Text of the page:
Netflix Review: ‘The Politician’ Gets Bogged Down by Hollow Narrative

‘The Politician’ is Ryan Murphy’s first show on Netflix, as part of his five-year deal with the platform. In the first episode, the series seems to be destined for greatness as we are introduced to Payton Hobart, the protagonist. While young people might be accused of lacking ambition, Payton is the opposite. He has a clear cut goal of becoming the President of the United States and has studied the lives of former presidents in order to determine the most effective way to get there. Payton sees that the first step is to become the student president at the Saint Sebastian High School, which is a well-to-do institute. However, he immediately faces competition from a well-liked student, River, who looks like a cross between Henry Cavill and Matt Bomer.

As the rivalry gets heated up, Murphy notches up the drama as well, with River killing himself. This pits Payton against Astrid, River’s ambitious girlfriend. Our aspiring candidate, Payton, is aided by Alice, his high school sweetheart and First Lady stand-in, as well as two loyal friends, James the political advisor, and McAfee the overall campaign manager.

Murphy systematically takes us through the characters on the show, including Payton’s running mate, Infinity Jackson, who is apparently a student suffering from cancer. Astrid’s running mate happens to be Skye. We are introduced to the stereotypical characters in the universe Murphy has created, where Astrid appears to be the rich white girl who gets her way and Skye is the radical and queer person of color. Payton’s friends are loyal and outspoken but their motives are never explored completely in the show. It is almost as if the show is trying too hard to be appear inclusive (or, in short, tries to virtue signal).

As the episodes of the ‘The Politician’ continue, we catch glimpses of the opulence of their family lives. The quirky family dramas, accentuated by a wonderful performance from Gwyneth Paltrow, and the color palettes are sometimes reminiscent of Wes Anderson’s works. A word of praise must also be set aside for Murphy regular, Jessica Lange, who plays the role of the villainous and manipulative grandmother to Infinity. Lange does the best with her character and by the time the show is over, we feel slightly sorry for the character’s motives while positively hating her.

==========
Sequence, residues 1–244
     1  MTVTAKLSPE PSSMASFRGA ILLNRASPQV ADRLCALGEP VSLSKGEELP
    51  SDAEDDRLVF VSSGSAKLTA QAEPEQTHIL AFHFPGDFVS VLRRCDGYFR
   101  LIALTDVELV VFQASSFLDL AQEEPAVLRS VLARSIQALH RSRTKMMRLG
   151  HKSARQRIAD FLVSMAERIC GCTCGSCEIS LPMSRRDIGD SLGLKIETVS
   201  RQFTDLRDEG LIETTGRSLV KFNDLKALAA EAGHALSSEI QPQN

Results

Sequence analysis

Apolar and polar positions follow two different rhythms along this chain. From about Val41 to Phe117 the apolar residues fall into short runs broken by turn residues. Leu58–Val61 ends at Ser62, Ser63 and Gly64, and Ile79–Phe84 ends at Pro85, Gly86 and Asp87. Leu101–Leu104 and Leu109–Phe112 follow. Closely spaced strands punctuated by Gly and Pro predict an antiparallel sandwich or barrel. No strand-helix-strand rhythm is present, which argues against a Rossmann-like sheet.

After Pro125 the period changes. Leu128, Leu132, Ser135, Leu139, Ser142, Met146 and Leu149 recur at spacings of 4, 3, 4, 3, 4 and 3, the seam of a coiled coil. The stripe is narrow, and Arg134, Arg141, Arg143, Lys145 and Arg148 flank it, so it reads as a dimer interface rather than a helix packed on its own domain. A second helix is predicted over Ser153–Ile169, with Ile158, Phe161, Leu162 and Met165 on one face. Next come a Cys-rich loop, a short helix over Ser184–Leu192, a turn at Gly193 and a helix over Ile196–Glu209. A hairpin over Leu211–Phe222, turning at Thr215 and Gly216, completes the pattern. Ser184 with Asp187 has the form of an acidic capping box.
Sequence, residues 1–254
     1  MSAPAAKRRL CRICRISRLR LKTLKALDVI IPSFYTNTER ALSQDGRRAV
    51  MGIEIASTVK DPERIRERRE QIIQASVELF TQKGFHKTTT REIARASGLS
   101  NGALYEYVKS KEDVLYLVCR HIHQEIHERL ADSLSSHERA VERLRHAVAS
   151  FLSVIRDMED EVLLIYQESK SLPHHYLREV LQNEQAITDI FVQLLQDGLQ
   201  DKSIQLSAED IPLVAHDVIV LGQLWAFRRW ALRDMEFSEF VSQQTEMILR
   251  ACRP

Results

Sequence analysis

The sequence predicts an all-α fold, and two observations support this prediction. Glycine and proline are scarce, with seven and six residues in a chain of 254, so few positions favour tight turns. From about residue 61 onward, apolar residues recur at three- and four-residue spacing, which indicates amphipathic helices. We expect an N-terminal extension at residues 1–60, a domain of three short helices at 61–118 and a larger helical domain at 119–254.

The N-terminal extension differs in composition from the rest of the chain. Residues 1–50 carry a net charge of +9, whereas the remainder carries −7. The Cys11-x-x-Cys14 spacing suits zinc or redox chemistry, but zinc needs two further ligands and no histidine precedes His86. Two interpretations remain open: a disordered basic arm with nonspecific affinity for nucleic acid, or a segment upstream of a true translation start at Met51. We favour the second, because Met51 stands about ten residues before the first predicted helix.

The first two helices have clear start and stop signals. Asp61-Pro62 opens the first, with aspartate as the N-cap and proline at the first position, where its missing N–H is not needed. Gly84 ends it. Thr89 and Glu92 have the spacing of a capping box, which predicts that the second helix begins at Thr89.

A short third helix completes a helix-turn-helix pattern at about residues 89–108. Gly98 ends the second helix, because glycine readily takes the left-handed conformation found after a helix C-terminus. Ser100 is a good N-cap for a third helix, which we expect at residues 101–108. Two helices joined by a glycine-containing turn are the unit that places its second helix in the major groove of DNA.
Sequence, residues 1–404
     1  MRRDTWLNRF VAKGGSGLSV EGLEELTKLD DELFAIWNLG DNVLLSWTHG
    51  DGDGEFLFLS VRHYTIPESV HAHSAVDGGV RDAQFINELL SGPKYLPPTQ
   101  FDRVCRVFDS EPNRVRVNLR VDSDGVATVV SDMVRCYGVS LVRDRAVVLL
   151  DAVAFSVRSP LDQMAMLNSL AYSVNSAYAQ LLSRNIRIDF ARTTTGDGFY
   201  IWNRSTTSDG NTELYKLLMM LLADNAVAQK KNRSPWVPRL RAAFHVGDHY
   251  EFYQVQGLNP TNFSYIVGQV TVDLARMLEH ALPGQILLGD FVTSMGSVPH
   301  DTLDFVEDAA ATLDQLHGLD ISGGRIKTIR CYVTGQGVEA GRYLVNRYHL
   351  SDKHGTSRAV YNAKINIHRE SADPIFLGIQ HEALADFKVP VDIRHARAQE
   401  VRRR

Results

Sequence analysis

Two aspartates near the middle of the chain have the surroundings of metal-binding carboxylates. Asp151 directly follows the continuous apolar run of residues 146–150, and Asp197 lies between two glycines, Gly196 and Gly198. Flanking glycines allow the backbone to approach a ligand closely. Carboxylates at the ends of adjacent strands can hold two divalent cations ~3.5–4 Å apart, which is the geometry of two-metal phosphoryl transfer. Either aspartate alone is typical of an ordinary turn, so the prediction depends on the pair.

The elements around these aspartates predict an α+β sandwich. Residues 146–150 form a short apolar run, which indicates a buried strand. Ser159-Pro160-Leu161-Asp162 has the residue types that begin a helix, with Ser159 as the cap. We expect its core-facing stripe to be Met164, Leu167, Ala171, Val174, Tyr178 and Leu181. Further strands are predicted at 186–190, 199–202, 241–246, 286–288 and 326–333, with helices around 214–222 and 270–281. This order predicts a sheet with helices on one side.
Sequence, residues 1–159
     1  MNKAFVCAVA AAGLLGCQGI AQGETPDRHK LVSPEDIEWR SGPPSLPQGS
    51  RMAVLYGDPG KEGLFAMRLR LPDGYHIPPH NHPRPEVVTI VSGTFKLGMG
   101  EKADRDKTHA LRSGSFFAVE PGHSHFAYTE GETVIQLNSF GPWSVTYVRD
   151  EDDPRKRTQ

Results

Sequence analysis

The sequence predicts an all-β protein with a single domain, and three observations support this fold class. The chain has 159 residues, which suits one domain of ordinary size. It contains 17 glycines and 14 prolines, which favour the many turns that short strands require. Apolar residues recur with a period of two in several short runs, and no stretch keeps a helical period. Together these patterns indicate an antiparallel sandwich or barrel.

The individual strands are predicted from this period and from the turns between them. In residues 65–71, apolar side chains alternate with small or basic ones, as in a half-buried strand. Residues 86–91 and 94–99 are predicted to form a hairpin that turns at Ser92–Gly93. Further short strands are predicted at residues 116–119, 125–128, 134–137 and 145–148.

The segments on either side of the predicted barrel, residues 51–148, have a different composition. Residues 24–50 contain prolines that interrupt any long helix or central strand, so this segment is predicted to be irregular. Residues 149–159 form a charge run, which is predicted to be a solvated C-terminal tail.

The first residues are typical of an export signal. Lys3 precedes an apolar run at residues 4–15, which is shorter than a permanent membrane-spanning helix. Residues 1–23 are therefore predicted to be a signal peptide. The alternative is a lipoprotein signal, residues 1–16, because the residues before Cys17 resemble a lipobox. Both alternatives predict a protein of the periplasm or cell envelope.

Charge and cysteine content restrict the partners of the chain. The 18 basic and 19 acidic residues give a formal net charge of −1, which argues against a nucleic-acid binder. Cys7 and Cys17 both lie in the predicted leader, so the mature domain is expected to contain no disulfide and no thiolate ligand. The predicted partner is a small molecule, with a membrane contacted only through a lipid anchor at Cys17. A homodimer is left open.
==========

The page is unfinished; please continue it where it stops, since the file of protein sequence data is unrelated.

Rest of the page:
Coming back to ‘The Politician’, the drama leading up to the student election is intense, with Astrid seemingly being kidnapped, leading to Payton’s arrest. In fact, there are two assassination attempts, using poison, on Payton’s life within one week. It seems that Murphy has gone overboard in some parts of the show.

While ‘The Politician’ might feel one dimensional and overwhelming at times, the series is partially saved by Ben Platt’s performance as Payton. The Tony Award winner’s talents are used well as Murphy includes musical numbers in the series, which ‘Glee’ fans will definitely love. Moreover, Platt’s performance makes Payton transcend the boxed character that he would have otherwise turned out to be.

Although Payton seems like a conniving politician looking to further his own goals, the actor often reaches out to portray the tender pools of emotion that seem to be hidden behind Payton’s walls. Payton, the person and the politician are two very different people, which Platt wonderfully switches between. In fact, one instance that comes to mind is when Payton is asked to resign as the student president and tells the Principal that although he is not a good person, he has always tried to do good for the school. Another instance is his heartfelt performance of Billy Joel’s ‘Vienna’, where he captures the fact about how his ambition had made him unable to feel while he was in high school.

This brings us to the most important talking point in Murphy’s show, ‘The Politician’, that is, the politics itself. At its core, Murphy seems to be saying that if we listen to our youth and let them rise up, maybe they can usher in some change. At least that seems to be the message in the final episode when Payton decides to run for State Senate against a Democratic Party candidate who has remained undefeated. Moreover, it sets up the field for the imminent upcoming season where the battle will be fiercer and the stakes higher, for Payton.

Nonetheless, Payton’s policies seem to be about bringing intersectionality, but necessary changes that most of us believe are easy to enact when we are young and optimistic turn out to be way too challenging. There is a notable scene where strong stances are taken against guns being sold near the high school. Murphy also excellently portrays how the average voter remains unaffected and feigns indifference to an ongoing election unless it affects them directly.

‘The Politician’ seems to tackle a lot of issues, showing how politics can be a means of change, how class and personal privilege causes divisions and how important mental health is. However, the show never explores any of these ideas fully. It seems to be spitballing these ideas and explaining them with half-baked motives that focus more on melodrama than the actual message. As a result, despite having a great cast with all the necessary boxes ticked off – different sexual orientations, socioeconomic backgrounds, genders, and races, it still feels as though the characters are being somewhat exploited since they have not been given the meaningful screen space and time to develop more fully. It appears that Murphy’s show, much like its protagonist Payton, knows which boxes to tick off in order to become a success, but remains hollow ultimately.

Rating: 2/5